Volkswagen CEO warns of huge cuts over scandal

Porsche chief takes helm at Volkswagen
Porsche chief takes helm at Volkswagen

Volkswagen will have to make massive savings to cope with the huge cost of its emissions cheating scandal.

That was the stark message delivered to more than 20,000 Volkswagen employees by the group's new chief executive, Matthias Mueller, at a meeting in Germany on Tuesday.

A former Porsche chief, Mueller took over as CEO of the giant automaker after Martin Winterkorn stood down when it became clear the group had cheated emissions tests on as many as 11 million diesel vehicles worldwide.

Mueller said Volkswagen (VLKAY) would survive, but warned the road to recovery would be painful.

"We must make massive savings to manage the consequences of this crisis," he told staff.

The group is racing to design a technical fix for the vehicles, which are spread across four brands -- VW, Audi, Skoda and SEAT -- and many model variants and markets. Some will need a software upgrade, others new hardware.

The Volkswagen two minutes

Volkswagen has set aside 6.5 billion euros ($7.3 billion). But the final bill is likely to be several times that amount due to the cost of recalls, legal action by authorities, customers, dealers and shareholders, and the impact of lost business.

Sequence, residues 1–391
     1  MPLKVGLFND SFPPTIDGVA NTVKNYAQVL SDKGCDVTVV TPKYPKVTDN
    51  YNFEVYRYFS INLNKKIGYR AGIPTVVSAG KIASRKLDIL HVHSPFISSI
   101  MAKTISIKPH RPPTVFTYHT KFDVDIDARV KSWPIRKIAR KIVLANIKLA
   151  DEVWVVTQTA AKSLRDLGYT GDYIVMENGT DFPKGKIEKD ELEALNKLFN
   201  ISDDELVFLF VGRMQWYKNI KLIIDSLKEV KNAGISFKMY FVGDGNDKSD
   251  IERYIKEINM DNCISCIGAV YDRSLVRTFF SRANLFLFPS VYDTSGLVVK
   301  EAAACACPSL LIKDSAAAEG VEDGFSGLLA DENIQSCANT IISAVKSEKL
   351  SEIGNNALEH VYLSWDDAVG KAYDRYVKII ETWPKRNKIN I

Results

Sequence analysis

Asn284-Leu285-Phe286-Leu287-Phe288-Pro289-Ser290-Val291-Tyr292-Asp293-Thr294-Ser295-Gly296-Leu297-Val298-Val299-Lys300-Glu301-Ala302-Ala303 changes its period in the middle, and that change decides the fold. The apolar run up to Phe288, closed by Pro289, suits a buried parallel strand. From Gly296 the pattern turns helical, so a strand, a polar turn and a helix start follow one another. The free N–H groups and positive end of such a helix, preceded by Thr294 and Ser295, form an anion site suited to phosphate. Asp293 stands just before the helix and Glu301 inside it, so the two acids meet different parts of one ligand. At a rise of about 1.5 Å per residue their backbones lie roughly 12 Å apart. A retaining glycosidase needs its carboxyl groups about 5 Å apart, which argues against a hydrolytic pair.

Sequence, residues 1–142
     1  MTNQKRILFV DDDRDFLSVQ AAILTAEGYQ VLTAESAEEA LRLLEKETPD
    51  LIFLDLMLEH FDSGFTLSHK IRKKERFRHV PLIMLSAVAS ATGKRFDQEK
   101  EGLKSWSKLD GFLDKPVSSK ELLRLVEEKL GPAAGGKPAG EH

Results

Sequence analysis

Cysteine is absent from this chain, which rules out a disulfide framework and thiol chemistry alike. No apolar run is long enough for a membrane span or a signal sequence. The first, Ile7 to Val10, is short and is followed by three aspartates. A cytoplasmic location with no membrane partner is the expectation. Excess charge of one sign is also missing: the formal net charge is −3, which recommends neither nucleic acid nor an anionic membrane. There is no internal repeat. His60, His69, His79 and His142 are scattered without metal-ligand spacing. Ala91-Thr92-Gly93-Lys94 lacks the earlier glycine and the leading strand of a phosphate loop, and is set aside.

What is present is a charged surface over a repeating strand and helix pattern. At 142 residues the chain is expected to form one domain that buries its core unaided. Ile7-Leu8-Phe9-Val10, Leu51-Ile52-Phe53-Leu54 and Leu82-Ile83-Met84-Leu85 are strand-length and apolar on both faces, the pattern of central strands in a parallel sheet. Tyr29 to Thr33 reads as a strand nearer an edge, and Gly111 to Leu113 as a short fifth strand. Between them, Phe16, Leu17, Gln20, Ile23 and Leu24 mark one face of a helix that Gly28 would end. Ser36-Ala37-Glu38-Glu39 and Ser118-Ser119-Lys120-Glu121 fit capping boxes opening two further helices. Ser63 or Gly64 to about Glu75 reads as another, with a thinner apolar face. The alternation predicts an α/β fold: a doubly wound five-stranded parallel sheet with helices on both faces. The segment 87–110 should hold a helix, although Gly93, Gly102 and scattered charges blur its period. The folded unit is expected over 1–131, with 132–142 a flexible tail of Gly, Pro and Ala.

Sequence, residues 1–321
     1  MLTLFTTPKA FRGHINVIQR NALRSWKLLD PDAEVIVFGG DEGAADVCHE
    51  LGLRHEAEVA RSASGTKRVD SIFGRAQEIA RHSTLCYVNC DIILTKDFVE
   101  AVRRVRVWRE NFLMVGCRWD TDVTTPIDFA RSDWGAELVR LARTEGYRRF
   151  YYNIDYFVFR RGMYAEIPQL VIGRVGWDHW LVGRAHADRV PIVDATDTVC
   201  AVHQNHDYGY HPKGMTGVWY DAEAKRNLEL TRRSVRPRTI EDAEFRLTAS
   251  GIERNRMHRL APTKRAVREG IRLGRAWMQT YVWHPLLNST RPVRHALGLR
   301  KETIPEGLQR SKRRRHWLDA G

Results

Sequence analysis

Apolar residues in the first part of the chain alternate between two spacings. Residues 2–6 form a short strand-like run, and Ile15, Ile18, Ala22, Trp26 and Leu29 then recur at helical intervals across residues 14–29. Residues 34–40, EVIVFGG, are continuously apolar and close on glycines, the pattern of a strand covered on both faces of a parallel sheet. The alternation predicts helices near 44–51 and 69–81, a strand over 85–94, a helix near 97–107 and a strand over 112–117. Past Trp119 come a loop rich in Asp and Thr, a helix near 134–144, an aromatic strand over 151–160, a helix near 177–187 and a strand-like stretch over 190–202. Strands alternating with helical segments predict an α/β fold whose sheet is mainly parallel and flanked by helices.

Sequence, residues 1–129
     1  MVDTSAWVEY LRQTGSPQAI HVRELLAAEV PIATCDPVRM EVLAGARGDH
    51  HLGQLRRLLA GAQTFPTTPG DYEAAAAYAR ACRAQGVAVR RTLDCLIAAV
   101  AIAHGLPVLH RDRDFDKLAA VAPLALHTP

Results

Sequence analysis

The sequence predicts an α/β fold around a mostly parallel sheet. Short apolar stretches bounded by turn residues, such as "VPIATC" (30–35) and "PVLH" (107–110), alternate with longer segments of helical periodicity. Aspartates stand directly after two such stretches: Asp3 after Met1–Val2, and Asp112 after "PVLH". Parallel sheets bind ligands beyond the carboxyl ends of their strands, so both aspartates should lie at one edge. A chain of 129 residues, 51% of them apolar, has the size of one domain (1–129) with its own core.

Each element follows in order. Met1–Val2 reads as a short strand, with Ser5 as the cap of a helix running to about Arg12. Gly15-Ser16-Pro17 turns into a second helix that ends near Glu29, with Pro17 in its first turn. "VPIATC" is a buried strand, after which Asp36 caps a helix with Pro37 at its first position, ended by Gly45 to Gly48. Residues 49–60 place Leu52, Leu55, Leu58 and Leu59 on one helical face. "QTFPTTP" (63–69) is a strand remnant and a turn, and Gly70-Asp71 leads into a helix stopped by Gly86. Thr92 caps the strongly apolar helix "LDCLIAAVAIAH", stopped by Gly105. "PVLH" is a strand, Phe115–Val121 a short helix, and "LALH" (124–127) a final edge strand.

"While the technical solutions to these problems are imminent, it is not possible to quantify the commercial and financial implications at present," Mueller said.

As a result, the company will intensify its "efficiency program" and cancel, or postpone, any investments deemed not absolutely essential to its future.

Credit Suisse said last week that Volkswagen may face costs totaling 78 billion euros ($87 billion) in a worst case scenario. Even the bank's most cautious estimate -- 23 billion euros -- is much higher than Volkswagen's current provision.

Mueller made no mention of job cuts on Tuesday but it's hard to see how the company can avoid them. Volkswagen employs about 600,000 people around the world, more than a third of them in Germany.

Volkswagen said it would present a technical solution to regulators for approval shortly and inform affected customers in the coming days that their vehicles need a refit.

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